5 INTRODUCTION This report contains the first annual statistics compiled since the entry into force of Law 53/2007 of 28 December on the Control of External Trade in Defence and Dual-use Material. The figures appearing herein refer to authorised exports of defence material, other material and dual-use items and technologies undertaken in This report was drawn up pursuant to a series of agreement taken at the Plenary of the Congress of Deputies. In this regard, the 18 March 1997 Agreement on transparency in the arms trade (Annex I) urged the Government, inter alia, to: Disclose, on an annual basis, the essential export data as from 1991 including statistics by countries of destination in accordance with Spanish law and international commitments undertaken by Spain. Send, half-yearly, the essential export data in respect of defence and dual-use material to the Defence and Foreign Affairs Commissions of the Congress of Deputies. On 11 December 2001 the congressional approval of the Agreement regarding transparency and more stringent control of the small arms trade (Annex I) was added to the said agreement. Point one of the 11 December 2001 Agreement urged the Government to: Forge ahead in its transparency of information policy in respect of the export of defence, security and law enforcement material with a view to achieving greater specificity in terms of products and countries. And lastly, the Congress of Deputies in plenary session approved the Agreement of 13 December 2005 supporting an Arms Trade Act (Annex I). This Agreement urged the Government to submit, within a period of twelve months, a preliminary draft law on arms trading which should include, inter alia: Detailed instructions regarding the minimum information which must be contained in the official Spanish statistics report on the transfer of defence and dual-use material and must coincide with the best practices of other European Union countries in terms of transparency practices. The half-yearly submission of information to the Congress of Deputies on the transfers authorised during the most recent reference period and the annual appearance of the Secretary of State for Trade before the Defence Commission of the Congress of Deputies to report on annual statistics. This report is drawn up in compliance with the aforementioned agreements and is an expression of the Spanish Government s will to furnish transparent and detailed information concerning export operations of these types of products as well as actions undertaken at international control and non-proliferation fora during the course of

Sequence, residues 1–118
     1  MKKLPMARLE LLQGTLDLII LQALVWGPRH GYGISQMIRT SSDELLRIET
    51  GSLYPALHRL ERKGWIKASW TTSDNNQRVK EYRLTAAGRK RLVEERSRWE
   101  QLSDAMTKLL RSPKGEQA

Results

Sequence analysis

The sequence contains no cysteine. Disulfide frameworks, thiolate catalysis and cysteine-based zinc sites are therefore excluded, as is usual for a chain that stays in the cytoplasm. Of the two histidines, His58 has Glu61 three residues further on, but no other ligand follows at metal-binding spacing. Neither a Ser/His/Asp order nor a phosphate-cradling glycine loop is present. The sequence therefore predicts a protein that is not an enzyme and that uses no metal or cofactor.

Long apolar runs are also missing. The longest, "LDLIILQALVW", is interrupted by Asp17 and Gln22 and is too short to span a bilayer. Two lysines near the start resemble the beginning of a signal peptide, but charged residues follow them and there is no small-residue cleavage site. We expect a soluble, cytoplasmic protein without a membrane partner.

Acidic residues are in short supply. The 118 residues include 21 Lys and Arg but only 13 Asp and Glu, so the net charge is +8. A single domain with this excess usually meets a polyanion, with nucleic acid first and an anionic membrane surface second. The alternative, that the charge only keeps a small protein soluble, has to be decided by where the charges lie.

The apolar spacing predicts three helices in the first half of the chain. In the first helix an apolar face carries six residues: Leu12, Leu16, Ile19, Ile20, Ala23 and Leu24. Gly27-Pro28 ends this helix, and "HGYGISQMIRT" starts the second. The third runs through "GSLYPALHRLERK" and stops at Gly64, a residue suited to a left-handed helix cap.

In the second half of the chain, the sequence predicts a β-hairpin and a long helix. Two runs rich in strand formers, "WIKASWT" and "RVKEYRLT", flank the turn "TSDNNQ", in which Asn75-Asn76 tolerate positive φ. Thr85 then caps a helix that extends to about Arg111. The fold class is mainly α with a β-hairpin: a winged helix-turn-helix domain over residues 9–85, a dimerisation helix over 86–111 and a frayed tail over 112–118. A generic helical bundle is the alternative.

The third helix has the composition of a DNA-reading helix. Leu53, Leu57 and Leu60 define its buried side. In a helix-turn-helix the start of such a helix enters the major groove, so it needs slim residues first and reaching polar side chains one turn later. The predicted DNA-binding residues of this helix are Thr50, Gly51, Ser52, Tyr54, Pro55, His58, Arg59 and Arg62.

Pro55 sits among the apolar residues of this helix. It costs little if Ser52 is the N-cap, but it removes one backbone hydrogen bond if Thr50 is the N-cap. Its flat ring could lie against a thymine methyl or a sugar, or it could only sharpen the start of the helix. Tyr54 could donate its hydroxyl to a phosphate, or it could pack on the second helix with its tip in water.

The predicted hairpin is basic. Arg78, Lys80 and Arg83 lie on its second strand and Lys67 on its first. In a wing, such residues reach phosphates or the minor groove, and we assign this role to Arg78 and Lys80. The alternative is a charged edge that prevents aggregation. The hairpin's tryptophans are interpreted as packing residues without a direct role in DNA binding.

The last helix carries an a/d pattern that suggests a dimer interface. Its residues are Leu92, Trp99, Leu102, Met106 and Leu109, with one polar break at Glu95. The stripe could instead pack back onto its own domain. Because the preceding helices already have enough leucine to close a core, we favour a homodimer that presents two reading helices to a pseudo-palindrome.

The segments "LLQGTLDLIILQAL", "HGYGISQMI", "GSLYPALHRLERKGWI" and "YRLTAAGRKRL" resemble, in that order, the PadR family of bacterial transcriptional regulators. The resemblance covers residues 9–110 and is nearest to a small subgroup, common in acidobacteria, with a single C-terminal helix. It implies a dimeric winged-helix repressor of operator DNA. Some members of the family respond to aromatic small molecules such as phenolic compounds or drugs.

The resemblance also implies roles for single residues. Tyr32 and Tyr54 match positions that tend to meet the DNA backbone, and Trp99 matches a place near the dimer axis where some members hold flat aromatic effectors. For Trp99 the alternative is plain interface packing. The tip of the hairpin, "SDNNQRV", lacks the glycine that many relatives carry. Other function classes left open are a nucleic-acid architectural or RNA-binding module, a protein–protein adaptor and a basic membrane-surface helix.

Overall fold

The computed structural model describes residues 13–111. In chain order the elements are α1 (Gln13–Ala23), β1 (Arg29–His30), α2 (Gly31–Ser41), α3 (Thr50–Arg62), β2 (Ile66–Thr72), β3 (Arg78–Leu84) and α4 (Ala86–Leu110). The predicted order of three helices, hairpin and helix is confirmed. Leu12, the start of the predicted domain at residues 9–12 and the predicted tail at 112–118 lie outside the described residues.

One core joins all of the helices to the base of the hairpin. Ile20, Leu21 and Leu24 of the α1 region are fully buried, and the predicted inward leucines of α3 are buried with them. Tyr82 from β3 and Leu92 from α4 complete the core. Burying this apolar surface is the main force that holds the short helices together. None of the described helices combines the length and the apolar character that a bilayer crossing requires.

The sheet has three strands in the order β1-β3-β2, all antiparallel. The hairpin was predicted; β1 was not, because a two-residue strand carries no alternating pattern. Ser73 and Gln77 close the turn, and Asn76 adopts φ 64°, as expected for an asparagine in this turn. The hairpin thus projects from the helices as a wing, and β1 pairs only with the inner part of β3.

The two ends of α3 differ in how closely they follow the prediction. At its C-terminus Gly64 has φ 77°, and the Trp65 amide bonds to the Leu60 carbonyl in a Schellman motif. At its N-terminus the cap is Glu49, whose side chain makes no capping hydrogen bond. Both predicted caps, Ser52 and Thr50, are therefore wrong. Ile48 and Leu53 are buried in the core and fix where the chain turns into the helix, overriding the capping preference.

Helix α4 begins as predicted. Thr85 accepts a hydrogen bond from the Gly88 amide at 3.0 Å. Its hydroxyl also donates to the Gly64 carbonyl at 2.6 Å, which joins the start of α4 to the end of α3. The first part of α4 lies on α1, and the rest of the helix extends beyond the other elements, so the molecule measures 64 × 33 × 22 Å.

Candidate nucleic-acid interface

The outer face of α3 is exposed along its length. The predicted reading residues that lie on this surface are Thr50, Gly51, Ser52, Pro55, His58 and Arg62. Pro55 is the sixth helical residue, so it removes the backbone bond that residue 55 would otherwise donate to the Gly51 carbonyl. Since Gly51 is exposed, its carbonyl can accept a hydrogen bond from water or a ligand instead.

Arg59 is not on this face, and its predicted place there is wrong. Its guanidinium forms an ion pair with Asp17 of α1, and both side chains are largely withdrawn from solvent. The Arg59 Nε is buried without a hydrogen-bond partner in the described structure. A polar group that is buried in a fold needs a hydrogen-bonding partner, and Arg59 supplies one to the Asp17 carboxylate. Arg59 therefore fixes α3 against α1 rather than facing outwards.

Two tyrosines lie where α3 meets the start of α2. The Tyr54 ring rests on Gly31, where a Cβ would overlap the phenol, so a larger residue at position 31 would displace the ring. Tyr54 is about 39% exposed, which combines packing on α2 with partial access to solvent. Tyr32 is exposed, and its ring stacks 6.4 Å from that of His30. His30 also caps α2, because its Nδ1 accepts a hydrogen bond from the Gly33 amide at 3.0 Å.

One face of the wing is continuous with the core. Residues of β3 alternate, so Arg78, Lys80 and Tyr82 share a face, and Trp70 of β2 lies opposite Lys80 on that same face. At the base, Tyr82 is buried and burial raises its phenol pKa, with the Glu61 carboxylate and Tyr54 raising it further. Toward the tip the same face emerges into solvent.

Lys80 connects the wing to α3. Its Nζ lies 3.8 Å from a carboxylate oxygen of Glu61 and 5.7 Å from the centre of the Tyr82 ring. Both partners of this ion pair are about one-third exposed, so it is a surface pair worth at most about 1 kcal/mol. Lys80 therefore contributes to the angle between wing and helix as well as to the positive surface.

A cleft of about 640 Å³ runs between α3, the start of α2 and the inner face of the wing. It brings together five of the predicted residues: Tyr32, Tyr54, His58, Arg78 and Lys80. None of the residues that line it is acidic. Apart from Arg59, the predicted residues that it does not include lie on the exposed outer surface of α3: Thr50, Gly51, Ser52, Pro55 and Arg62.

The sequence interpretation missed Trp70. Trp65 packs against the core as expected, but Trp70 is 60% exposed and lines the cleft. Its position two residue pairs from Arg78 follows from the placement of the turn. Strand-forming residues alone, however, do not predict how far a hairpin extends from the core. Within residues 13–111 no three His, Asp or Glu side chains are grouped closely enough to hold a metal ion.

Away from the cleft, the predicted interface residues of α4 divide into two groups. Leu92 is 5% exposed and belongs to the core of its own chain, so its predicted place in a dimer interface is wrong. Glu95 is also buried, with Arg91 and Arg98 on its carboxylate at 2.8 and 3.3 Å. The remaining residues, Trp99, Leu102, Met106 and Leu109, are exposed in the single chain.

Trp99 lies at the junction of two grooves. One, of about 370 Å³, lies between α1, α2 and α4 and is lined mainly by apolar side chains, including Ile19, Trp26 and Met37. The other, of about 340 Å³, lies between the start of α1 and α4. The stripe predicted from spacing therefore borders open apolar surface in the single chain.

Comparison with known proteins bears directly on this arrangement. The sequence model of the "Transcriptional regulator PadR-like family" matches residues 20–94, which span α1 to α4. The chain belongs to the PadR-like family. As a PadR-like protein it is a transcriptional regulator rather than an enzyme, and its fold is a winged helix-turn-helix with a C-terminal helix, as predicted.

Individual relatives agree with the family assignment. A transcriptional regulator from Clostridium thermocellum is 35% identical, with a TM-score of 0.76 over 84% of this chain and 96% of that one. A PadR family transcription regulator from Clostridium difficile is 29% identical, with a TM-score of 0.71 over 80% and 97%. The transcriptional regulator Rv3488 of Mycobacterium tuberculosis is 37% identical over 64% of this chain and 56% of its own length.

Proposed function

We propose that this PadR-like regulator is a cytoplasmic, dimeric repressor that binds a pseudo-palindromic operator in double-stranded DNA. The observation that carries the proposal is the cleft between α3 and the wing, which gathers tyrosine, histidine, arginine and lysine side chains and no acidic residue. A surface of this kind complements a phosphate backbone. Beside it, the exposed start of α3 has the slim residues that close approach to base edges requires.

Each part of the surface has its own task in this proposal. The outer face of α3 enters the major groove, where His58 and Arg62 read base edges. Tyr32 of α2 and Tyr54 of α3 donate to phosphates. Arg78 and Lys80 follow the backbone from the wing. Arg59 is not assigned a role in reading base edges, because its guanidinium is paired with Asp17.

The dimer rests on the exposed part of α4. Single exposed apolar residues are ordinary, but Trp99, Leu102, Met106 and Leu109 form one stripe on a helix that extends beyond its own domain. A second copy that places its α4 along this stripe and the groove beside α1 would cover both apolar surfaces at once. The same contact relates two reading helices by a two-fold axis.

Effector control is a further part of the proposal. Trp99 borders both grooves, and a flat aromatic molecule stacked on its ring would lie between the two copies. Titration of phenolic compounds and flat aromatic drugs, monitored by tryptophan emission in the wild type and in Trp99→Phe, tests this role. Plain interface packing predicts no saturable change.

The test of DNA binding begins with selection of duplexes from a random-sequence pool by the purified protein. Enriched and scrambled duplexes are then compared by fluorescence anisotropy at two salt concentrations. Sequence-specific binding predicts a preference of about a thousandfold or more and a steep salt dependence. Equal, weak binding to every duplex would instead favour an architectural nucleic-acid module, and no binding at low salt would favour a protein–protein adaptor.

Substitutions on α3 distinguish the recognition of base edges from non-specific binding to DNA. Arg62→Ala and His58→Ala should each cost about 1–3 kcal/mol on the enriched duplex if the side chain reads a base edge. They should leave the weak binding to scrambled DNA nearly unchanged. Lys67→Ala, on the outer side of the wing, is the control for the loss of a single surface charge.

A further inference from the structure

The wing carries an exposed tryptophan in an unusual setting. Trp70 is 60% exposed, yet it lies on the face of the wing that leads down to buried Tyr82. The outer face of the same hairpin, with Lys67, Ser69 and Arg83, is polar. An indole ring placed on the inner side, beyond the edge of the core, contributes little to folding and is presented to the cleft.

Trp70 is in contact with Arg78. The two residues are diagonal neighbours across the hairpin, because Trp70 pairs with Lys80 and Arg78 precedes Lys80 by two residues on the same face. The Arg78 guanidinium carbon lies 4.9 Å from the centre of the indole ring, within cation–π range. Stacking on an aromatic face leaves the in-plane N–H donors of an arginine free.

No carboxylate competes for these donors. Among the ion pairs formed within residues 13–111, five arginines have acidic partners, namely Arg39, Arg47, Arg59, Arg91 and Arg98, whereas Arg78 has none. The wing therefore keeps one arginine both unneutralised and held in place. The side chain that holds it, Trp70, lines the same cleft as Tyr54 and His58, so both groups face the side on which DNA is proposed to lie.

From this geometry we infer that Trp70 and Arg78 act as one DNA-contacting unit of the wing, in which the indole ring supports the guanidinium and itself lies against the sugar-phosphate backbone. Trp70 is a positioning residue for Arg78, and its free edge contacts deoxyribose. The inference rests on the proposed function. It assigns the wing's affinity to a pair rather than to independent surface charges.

6 SPANISH STATISTICS ON THE EXPORT OF DEFENCE AND DUAL-USE MATERIAL 2007 Before delving into the analysis of specific export data, an explanation must first be given regarding the methodology followed in compiling the statistics contained herein. The Secretariat General for Foreign Trade attached to the Ministry of Industry, Tourism and Trade, duly informed by the Inter-Ministerial Regulatory Board on Foreign Trade in Defence and Dual-Use Material (Spanish acronym JIMDDU), is the body responsible for authorising each external trade transaction concerning defence material, other material and dual-use items and technologies. It should be recalled that the Secretariat General possesses the data concerning all of the authorised export licenses while the data corresponding to exports actually made is available at the Department of Customs and Excise Duties of the National Tax Administration Agency attached to the Ministry of Economy and Finance. This report presents the data concerning operations undertaken, the information having been obtained by reviewing, one by one, export licenses issued and checking them against each one of the shipments made. Moreover, the Secretariat General for Foreign Trade collects information regarding export shipments directly from companies enabling it to correct any data discrepancy. This authority is envisaged under Article 11 of Royal Decree 1782/2004 of 30 July approving the Regulation governing the control of external trade in defence material, other material and dual-use items and technologies and companies are called on to submit monthly reports regarding shipments made. It should be pointed out that these statistics do not reflect temporary exports (shipments made for the purpose of repair, homologation, testing, fairs, defective goods returned to the manufacturer) which are void of any commercial value. The 2007 statistics report is divided into two main blocks. The first covers information on Spanish law, Community regulations, data on Spain s export of defence material, other material and dual-use items and technologies and the main progress made at international control fora. The second section is comprised of ten annexes with information on the texts regarding agreements taken by Congress in plenary session alluded to at the beginning of the report, export figures for these items in 2007, the criteria and operational provisions set out in the European Union Code of Conduct on Arms Exports, the principal international control and non-proliferation fora, a list of defence material embargos and the bibliography published in this connection by the Secretariat of State for Trade. These Annexes also include Spain s contribution to the United Nations Conventional Arms Register and the OSCE Document on small arms and light weapons. The main novelties of this report are found in Annexes II, III, IV and V. Annex II, in addition to the figures on exports of defence material and other material broken down by product category and destination country, features similar tables but referring to operations authorised in Annex III includes a similar table for authorised exports of dual-use items and technologies in addition to a detailed table showing cases where the so-called catch-all clause was applied pursuant to Article 4 of Council Regulation (EC) No 1334/2000 of 22 June setting up a 2